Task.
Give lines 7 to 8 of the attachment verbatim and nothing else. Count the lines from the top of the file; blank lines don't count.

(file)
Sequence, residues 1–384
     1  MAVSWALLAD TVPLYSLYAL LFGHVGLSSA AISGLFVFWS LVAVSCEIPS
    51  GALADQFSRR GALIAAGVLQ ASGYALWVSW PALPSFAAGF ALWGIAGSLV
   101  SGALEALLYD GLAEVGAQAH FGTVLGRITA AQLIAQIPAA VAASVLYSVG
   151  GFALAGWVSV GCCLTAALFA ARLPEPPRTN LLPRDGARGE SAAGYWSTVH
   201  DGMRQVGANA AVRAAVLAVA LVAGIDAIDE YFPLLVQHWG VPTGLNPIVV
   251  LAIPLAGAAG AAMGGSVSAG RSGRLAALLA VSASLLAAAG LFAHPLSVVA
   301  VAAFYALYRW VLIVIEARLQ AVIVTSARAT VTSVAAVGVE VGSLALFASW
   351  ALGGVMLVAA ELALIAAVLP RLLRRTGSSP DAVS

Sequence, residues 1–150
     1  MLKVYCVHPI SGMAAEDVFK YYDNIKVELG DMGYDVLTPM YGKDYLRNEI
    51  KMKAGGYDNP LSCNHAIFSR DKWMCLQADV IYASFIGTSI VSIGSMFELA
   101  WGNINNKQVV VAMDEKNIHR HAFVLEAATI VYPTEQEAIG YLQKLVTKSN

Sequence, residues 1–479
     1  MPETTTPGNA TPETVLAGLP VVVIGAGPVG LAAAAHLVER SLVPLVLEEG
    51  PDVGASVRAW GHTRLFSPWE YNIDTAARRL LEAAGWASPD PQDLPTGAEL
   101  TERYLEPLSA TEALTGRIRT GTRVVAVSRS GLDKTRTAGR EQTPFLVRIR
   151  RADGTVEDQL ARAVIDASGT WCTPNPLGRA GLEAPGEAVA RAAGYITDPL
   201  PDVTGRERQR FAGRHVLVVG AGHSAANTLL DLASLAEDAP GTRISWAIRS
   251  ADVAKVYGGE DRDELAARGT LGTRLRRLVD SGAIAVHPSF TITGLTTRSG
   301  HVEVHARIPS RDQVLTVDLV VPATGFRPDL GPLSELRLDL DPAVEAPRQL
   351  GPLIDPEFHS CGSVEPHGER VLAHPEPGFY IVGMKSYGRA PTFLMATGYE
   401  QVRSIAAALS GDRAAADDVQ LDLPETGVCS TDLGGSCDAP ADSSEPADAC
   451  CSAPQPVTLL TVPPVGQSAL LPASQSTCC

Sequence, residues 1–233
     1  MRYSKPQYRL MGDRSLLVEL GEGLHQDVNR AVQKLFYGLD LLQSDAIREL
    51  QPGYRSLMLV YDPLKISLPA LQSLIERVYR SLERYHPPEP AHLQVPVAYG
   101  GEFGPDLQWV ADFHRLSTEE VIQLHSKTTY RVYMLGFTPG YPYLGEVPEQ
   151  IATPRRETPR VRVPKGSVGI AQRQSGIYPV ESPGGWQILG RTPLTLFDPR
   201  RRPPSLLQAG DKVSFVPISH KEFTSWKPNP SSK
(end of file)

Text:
   251  LAIPLAGAAG AAMGGSVSAG RSGRLAALLA VSASLLAAAG LFAHPLSVVA
   301  VAAFYALYRW VLIVIEARLQ AVIVTSARAT VTSVAAVGVE VGSLALFASW